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It's All Politics
8:06 am
Tue March 20, 2012

3 Things To Watch For In Illinois

Mitt Romney talks with students March 19, 2012 at Bradley University in Peoria, Illinois.
Don Emmert AFP/Getty Images

Originally published on Tue March 20, 2012 5:30 am

By the time Republican primary season got around to Illinois in past election cycles, the Land of Lincoln was pretty much an afterthought since the party's nominee had already been decided. Not this time.

Mitt Romney has what seems like an insurmountable lead in delegates. But there are questions as to whether he can reach the 1,144 needed for the nomination by the party's August convention. And with his rivals, especially Rick Santorum, refusing to exit the race, the GOP primaries have entered the grind-it-out-for-every-delegate phase.

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Opinion
8:06 am
Tue March 20, 2012

Foreign Policy: Help Wanted

A car drives by a "now hiring" sign that is posted outside of the soon-to-be-open Marin Ace Hardware store on Nov. 30, 2011 in San Rafael, California.
Justin Sullivan Getty Images

Originally published on Tue March 20, 2012 6:35 am

Byron Auguste is a director of McKinsey & Company based in Washington, D.C. Susan Lund is research director of the McKinsey Global Institute, based in Washington, D.C. James Manyika is a director of the McKinsey Global Institute based in San Francisco.

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Mountain Stage
8:06 am
Tue March 20, 2012

Fitz And The Tantrums On Mountain Stage

Fitz and the Tantrums.
Brian Blauser Mountain Stage

Originally published on Tue March 20, 2012 7:00 am

Neo-soul and indie-pop ensemble Fitz and the Tantrums make their first appearance on Mountain Stage, recorded live in Charleston, W.Va.

It's no exaggeration to say that Fitz and the Tantrums have been one of the hottest groups of the past two years. Their breakthrough release Pickin' Up the Pieces earned them repeated appearances on late night television, and they've spent countless days on the road, playing to sold-out crowds in nearly every major American city.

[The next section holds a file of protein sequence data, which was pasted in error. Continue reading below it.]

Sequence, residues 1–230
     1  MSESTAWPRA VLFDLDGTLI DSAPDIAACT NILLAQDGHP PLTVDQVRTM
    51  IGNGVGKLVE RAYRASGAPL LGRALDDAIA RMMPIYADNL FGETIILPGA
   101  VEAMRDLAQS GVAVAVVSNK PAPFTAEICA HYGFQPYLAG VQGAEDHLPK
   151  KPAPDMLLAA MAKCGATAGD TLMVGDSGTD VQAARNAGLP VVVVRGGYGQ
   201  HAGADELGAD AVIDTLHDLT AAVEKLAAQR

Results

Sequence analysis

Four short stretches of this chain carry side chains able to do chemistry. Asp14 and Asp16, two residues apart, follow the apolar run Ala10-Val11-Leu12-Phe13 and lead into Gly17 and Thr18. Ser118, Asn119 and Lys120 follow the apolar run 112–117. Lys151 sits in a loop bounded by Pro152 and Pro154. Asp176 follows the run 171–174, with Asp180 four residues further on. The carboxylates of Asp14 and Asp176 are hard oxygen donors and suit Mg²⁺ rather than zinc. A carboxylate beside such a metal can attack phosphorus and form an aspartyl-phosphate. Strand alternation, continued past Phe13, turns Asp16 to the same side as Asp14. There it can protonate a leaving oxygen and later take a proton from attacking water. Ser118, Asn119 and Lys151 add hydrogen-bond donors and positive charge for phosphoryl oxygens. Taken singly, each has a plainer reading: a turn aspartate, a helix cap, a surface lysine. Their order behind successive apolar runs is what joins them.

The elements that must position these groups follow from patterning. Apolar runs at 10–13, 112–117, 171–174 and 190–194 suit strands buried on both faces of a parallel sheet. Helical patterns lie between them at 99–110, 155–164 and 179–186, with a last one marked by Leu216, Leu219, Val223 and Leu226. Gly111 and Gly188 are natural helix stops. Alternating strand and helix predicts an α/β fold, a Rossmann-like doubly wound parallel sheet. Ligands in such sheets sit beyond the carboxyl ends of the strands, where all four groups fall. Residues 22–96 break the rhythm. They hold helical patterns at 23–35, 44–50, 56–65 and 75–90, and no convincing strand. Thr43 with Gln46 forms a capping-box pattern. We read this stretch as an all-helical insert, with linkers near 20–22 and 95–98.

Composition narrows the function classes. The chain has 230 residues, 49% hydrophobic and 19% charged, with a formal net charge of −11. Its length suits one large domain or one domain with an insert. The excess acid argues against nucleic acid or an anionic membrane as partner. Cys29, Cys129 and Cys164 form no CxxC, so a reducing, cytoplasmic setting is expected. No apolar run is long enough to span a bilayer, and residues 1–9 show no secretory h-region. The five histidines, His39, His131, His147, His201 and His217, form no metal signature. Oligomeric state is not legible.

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Opinion
8:06 am
Tue March 20, 2012

Weekly Standard: Without Precedent

A Jan. 18, 2011 photo of Ken Hoagland, Chairman of "repeal it now (dot) org" makes remarks during a press conference to receive petitions calling for repeal of Obamacare on Capitol Hill in Washington, DC.
Tim Sloan AFP/Getty Images

Originally published on Tue March 20, 2012 7:04 am

Adam J. White is a lawyer in Washington, D.C.

Ordinarily, judges decide cases by applying the text of laws and the precedents laid down in previous cases. But the Supreme Court is no ordinary court, and the cases that it chooses to decide are not ordinary ones. Cases in which the lower courts disagree; cases of utmost national importance; cases for which there is little precedent or the written law is ambiguous​ — ​this is the Supreme Court's daily fare.

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Opinion
8:05 am
Tue March 20, 2012

New Republic: The Case Of The Century?

U.S. President Barack Obama delivers remarks during an event to mark the 90-day anniversary of the signing of the Affordable Care Act June 22, 2010 in Washington, DC.
Chip Somodevilla Getty Images

Originally published on Tue March 20, 2012 7:05 am

Jonathan Cohn is senior editor at The New Republic.

Next week the Supreme Court hears oral arguments in the lawsuits challenging the Affordable Care Act. But is it really the "case of the century," as pundits have started calling it?

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